Is Another State About to Abolish the Death Penalty?

Do you think the government should have a hand in dictating morality by applying the punishment of death to someone who commits a crime? If your answer is no, you might like what is happening in Washington state.

In Washington state, lawmakers across both sides of the aisle are optimistic that 2018 will be the year that the death penalty is put to rest in the Evergreen State.

In 2014, Washington Governor Jay Inslee placed a moratorium on capital punishment which would last for as long as he was in office.

Lethal injection is legal in Washington state unless the inmate would prefer to be hanged. Anyone found guilty of aggravated first-degree murder can be put to death. Seventy-eight people have been executed in Washington since 1904.

The page about capital punishment on the state government's website even goes out of its way to divide those who have been executed by ethnicity. Since 1904, 66 caucasians, 7 blacks, 2 asians, 2 hispanics, and 1 Eskimo have been executed.

The latest bill in the Washington State Legislature would replace the death penalty with life imprisonment without the possibility of parole.

Democratic State Senator Jamie Pedersen of Seattle, the new chair on the committee overseeing the bill, expects the current push to abolish the death penalty to fly straight through the legislature to the governor's desk, which would be the furthest this type of legislation has made it in the last five years.

“The stars may be aligning now for support of doing away with the death penalty,” says Pederson.

The Evergreen State hasn’t seen an execution since 2010 when Cal Coburn Brown was convicted for the 1991 rape and murder of 21 year-old Holly Washa, and was put to death by lethal injection.

The old chairman of Pedersen's committee, Republican Senator Mike Padden of Spokane Valley, however, has been an outspoken advocate for the death penalty remaining the law of the state.

Some even place blame on Senator Mike Padden for the stalled progress of this legislation as he would not grant past death penalty bills a hearing.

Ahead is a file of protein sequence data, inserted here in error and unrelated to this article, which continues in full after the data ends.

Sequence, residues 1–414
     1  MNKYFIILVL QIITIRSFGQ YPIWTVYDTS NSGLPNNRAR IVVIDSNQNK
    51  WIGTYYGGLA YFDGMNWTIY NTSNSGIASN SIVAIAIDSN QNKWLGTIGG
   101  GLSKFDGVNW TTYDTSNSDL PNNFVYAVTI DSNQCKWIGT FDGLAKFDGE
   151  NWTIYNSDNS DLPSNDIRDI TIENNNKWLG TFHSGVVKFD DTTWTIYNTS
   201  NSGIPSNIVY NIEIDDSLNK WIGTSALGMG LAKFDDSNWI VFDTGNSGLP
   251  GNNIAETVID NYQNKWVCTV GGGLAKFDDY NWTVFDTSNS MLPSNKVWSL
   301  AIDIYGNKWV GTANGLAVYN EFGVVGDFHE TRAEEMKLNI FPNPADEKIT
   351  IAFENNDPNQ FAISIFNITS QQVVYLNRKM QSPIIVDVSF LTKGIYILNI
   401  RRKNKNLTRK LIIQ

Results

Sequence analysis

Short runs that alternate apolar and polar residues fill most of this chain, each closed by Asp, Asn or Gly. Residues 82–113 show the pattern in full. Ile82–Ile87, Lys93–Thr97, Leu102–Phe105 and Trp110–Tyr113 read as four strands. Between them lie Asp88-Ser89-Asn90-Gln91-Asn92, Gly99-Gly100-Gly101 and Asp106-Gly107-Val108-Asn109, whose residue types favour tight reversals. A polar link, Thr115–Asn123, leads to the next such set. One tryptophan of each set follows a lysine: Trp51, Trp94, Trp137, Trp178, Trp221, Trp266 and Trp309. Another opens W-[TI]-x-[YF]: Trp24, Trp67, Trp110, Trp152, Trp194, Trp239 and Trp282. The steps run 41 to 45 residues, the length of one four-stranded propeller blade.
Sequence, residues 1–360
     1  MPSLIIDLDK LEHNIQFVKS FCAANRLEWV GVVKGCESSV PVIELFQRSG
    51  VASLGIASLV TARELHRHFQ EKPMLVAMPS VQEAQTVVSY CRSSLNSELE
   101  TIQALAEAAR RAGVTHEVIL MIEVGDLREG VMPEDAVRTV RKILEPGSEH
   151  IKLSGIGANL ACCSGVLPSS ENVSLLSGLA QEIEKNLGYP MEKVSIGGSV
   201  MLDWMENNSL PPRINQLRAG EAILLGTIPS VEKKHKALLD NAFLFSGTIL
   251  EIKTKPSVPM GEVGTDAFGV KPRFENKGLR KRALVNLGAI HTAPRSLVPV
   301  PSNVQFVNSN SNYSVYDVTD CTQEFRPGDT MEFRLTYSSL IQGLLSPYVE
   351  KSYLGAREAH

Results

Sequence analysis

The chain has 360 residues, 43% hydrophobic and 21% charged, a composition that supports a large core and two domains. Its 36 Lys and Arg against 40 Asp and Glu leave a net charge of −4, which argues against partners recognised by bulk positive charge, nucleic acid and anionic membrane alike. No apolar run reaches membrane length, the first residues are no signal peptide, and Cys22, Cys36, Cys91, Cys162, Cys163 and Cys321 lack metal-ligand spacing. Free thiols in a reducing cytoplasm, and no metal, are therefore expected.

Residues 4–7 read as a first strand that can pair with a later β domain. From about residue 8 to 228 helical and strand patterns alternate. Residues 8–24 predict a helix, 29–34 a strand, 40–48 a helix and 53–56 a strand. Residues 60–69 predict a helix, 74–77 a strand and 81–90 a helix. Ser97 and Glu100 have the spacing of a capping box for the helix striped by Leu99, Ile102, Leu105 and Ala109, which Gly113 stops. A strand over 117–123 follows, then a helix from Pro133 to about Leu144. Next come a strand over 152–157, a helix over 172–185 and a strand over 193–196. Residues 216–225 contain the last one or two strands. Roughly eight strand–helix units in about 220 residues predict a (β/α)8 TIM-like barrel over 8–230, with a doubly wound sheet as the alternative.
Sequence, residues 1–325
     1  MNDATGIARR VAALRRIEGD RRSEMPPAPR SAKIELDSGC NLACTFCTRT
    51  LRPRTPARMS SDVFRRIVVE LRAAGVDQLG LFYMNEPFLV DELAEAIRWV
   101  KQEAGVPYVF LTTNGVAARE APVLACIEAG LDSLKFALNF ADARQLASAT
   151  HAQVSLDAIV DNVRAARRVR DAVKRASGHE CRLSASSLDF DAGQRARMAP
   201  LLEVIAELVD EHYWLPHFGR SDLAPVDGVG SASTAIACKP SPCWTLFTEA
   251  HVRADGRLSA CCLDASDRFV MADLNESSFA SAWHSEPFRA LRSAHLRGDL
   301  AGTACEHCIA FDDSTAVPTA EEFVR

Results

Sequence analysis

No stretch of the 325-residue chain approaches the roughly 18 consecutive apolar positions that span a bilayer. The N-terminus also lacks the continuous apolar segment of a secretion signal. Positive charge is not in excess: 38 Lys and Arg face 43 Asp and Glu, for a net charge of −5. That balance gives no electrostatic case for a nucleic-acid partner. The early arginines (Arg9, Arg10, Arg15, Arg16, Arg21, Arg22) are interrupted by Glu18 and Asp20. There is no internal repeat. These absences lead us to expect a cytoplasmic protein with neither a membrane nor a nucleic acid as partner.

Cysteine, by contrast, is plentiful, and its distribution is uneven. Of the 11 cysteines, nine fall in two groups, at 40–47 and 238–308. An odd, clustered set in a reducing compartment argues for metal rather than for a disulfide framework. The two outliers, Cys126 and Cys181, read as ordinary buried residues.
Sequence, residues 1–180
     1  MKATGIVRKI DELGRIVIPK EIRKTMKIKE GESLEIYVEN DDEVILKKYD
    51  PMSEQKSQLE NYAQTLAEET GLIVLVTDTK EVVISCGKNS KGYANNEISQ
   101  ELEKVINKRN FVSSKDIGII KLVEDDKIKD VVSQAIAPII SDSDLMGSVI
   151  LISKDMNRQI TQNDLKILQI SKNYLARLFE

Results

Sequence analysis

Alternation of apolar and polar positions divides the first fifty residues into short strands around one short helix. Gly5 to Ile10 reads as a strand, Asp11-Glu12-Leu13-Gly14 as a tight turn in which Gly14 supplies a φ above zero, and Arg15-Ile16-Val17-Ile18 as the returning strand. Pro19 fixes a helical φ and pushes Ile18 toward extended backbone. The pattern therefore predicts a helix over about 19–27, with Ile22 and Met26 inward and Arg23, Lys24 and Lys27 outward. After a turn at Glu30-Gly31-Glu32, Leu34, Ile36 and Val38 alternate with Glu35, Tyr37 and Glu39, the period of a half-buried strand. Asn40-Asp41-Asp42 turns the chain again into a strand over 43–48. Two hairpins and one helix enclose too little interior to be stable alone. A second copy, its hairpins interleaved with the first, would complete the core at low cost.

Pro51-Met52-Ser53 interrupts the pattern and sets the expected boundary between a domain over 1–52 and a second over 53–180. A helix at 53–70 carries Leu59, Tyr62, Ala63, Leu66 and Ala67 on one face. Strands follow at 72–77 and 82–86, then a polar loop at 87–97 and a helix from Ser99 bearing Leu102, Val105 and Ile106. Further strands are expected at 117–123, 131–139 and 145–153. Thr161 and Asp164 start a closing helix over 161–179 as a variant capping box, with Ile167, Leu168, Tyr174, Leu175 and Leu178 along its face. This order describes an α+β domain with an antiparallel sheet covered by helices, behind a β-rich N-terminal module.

“I don’t anticipate I’ll be supporting the bill,” Padden said last week. “Some crimes are so heinous and so brutal that I think the death penalty is appropriate.”

Padden points out that the current laws on capital punishment have been used as a negotiating tool against some of the state’s most egregious offenders.

Among those offenders is serial killer Gary Ridgway ,who is known as the “Green River Killer,” who agreed to tell prosecutors the whereabouts of victims in exchange for the death penalty being taken off the table in his case.

Washington state’s prosecutors are split on the death penalty.

“The death penalty is a question with profound moral implications, certainly worthy of wide discussion,” said Pierce County prosecutor Mark Lindquist.

He further made it clear that the “discussion should not be limited to legislative debate in Olympia, but instead should be the subject of civic dialogue around the entire state.”

The executive director of the Washington Association of Prosecuting Attorneys, Tom McBride, defended the death penalty.

“The constitutionality and evenhanded imposition of the death penalty in Washington state are issues that we will defend; but the costs, timely imposition and ultimate appropriateness of death for aggravated murder is certainly open to debate,” McBride told The News Tribune through email.

According to the National Coalition To Abolish The Death Penalty, as of October 2015, the U.S. has executed over 1,414 individuals since 1976. Since 1973, 156 individuals have been exonerated from death row.

One of those cases happened in the Evergreen State in 1986. Benjamin Harris was convicted for the murder of Jimmie Lee Turner and sentenced to death only to have the charges dropped on appeal 11 years later. An inadequate defense counsel may have led to Harris’ initial conviction.

A Seattle University study examining the costs of the death penalty in Washington found that each death penalty case costs an average of $1 million more than a similar case where the death penalty is not sought ($3.07 million, versus $2.01 million).

The complexity of the issue requires us to stop and ask serious questions.

To reiterate the question asked at the beginning of this article, should the government place its hand into morality by dictating who lives or who dies?

Also, out of the 1,414 executed by 2015, how many of them were wrongfully convicted?

Is there any crime that an individual could commit that would be so heinous to the point where it is justifiable for the state to sentence them to death?

If we could be 100% certain about 100% of all legal convictions, would you reconsider your position on the death penalty?

Have thoughts on the issue? Leave them in the comment section below.

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